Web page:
Hanover St. building has a buyer
MANCHESTER — New Hampshire Catholic Charities plans to buy the Hanover Street building housing the state unemployment office for $1.4 million, a state official said.
“We’re currently working with them on the details of the transaction and the timing,” said Richard Lavers, deputy commissioner of the state Department of Employment Security.
The unemployment office is searching for a smaller space in the city to relocate, Lavers said.
Lisa Merrill-Burzak, vice president of development for New Hampshire Catholic Charities, said the nonprofit plans to use the Hanover Street location to consolidate programs and rent less space around the city. She said there is no timetable for the move.
“We don’t even have a purchase and sales (agreement),” she said.
The city could lose out on collecting tens of thousands of dollars in property taxes yearly since New Hampshire Catholic Charities has been exempted from paying taxes on four other properties it owns, according to the city assessors office.
The original high bidder, Than Ho, whose family owns the Saigon Asian Market, planned to open a market there, but couldn’t secure the necessary approvals from the Zoning Board of Adjustment. Ho would have paid property taxes.The property’s $1.38 million assessment would net the city nearly $30,000 a year.
But Robert Gagne, who chairs the Board of Assessors, said improvements to or a different use for the property could affect its assessed value.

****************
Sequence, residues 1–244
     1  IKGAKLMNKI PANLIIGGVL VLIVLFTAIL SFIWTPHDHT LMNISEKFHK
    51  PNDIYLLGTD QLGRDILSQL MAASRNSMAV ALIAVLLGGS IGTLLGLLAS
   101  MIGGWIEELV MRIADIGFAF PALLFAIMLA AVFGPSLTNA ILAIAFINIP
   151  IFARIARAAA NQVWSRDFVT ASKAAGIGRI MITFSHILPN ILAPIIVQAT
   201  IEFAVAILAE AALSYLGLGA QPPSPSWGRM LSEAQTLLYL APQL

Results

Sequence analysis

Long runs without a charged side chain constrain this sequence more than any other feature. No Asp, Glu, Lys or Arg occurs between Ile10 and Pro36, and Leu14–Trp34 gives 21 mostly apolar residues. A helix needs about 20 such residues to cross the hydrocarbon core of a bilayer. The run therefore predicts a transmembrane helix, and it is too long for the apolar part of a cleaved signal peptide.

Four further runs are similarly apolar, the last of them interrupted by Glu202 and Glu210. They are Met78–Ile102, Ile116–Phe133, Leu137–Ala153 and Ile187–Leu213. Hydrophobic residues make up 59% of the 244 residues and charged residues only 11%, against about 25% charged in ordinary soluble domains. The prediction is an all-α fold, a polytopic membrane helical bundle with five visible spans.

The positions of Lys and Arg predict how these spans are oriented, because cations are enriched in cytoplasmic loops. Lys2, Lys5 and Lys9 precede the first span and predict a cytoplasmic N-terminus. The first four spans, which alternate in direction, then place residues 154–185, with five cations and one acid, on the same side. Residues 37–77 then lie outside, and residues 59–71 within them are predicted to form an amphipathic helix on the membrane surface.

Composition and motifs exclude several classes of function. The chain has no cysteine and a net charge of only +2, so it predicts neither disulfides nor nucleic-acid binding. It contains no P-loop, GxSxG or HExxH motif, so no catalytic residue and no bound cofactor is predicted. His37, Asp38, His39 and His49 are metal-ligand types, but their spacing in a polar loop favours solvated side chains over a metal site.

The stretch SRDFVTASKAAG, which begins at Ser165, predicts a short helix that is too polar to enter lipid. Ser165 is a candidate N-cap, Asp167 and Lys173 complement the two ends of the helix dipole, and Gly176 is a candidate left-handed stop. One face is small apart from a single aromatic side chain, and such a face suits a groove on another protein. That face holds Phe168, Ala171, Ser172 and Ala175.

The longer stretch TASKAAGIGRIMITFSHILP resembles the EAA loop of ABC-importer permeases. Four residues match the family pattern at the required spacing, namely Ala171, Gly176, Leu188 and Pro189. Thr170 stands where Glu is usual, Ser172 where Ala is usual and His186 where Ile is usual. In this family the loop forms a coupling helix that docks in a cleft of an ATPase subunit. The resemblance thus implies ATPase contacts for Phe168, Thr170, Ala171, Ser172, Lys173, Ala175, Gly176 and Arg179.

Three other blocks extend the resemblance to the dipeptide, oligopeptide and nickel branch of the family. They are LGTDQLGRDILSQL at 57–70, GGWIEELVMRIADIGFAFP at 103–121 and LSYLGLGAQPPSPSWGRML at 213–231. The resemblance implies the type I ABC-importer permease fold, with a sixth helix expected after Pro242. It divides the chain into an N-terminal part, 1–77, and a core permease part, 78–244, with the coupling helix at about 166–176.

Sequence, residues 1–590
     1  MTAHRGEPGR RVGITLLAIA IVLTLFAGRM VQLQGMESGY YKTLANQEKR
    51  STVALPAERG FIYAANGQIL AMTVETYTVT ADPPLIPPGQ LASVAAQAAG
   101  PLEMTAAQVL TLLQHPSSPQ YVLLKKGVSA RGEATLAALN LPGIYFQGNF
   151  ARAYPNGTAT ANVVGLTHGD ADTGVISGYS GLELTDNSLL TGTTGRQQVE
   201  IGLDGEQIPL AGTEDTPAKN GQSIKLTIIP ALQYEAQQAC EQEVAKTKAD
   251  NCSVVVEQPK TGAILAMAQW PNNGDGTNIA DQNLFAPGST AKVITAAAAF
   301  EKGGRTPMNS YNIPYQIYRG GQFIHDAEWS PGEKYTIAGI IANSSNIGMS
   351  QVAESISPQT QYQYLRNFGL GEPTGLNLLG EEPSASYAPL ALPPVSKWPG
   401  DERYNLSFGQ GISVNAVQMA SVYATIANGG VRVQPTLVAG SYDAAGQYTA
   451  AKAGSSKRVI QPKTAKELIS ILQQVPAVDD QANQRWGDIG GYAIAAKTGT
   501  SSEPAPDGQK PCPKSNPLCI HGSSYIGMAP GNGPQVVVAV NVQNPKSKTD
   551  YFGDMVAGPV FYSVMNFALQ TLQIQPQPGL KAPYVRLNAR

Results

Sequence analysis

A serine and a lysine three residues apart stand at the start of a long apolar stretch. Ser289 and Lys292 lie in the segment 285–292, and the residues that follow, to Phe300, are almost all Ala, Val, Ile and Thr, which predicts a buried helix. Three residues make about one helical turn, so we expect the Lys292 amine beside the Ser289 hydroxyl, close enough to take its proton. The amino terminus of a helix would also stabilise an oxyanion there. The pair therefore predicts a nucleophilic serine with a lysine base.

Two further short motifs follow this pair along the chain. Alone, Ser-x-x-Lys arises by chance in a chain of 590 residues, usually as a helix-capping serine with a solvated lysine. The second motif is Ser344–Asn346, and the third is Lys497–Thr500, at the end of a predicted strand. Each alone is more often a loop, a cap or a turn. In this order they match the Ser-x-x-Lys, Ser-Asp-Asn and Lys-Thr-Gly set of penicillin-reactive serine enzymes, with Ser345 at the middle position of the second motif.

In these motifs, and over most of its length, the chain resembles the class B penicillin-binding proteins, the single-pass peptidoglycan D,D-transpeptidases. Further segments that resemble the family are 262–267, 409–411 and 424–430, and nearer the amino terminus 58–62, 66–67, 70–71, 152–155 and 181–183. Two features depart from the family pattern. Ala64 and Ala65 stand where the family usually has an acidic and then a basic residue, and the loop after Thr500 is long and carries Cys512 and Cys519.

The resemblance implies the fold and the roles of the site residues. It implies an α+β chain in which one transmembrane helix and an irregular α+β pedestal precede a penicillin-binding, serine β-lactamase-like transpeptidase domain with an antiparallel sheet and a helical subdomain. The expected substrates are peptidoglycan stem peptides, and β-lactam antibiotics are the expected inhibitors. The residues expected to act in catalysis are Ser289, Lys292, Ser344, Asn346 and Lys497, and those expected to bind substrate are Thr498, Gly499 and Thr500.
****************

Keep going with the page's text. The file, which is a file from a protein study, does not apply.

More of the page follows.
Gagne said Catholic Charities could escape paying taxes if the property is owned, occupied “and used by and for the charitable purpose claimed.”
Merrill-Burzak said she will let the city determine whether the activities at the new location are tax-exempt.
Lavers said the 300 Hanover St. property contains a building offering 20,360 square feet and 86 surface parking spots.Catholic Charities finished second in the initial round of bidding, offering $1.25 million, behind Ho’s bid of $1,510,100.
The second round brought only one bid, with the higher offer from Catholic Charities. The state was asking $1.5 million.
The state Department of Employment Security, which doesn’t currently pay any property tax to the city, is consolidating several locations around the state, including transferring workers to Concord from 298 Hanover St., where the appeals unit worked.
The state continues to look for a buyer for 298 Hanover St., which contains 9,559 square feet and comes with 20 surface parking spaces across the street in a lot at the corner of Maple and Hanover streets. The state is asking $700,000.